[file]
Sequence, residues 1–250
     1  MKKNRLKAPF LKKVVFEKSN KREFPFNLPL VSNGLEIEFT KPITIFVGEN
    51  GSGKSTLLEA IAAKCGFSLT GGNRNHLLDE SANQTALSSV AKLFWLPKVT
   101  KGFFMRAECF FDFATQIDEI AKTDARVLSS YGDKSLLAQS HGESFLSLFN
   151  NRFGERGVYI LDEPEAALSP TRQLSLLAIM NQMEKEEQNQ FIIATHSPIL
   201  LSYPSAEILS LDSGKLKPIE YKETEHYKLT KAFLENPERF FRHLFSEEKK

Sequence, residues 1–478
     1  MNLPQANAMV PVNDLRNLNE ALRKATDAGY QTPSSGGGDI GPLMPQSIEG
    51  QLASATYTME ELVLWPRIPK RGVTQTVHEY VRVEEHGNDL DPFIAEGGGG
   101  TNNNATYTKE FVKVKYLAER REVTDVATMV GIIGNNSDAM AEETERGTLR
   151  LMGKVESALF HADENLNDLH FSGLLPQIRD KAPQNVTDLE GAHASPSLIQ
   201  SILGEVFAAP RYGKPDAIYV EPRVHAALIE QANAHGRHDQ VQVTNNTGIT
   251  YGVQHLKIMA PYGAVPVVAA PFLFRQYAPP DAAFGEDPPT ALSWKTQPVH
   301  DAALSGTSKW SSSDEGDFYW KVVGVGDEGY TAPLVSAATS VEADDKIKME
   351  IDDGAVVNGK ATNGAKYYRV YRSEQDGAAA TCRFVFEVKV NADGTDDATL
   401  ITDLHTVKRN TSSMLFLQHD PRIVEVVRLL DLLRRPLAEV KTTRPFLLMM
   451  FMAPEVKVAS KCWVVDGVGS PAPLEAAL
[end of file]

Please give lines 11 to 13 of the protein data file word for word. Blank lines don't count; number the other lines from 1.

   151  LMGKVESALF HADENLNDLH FSGLLPQIRD KAPQNVTDLE GAHASPSLIQ
   201  SILGEVFAAP RYGKPDAIYV EPRVHAALIE QANAHGRHDQ VQVTNNTGIT
   251  YGVQHLKIMA PYGAVPVVAA PFLFRQYAPP DAAFGEDPPT ALSWKTQPVH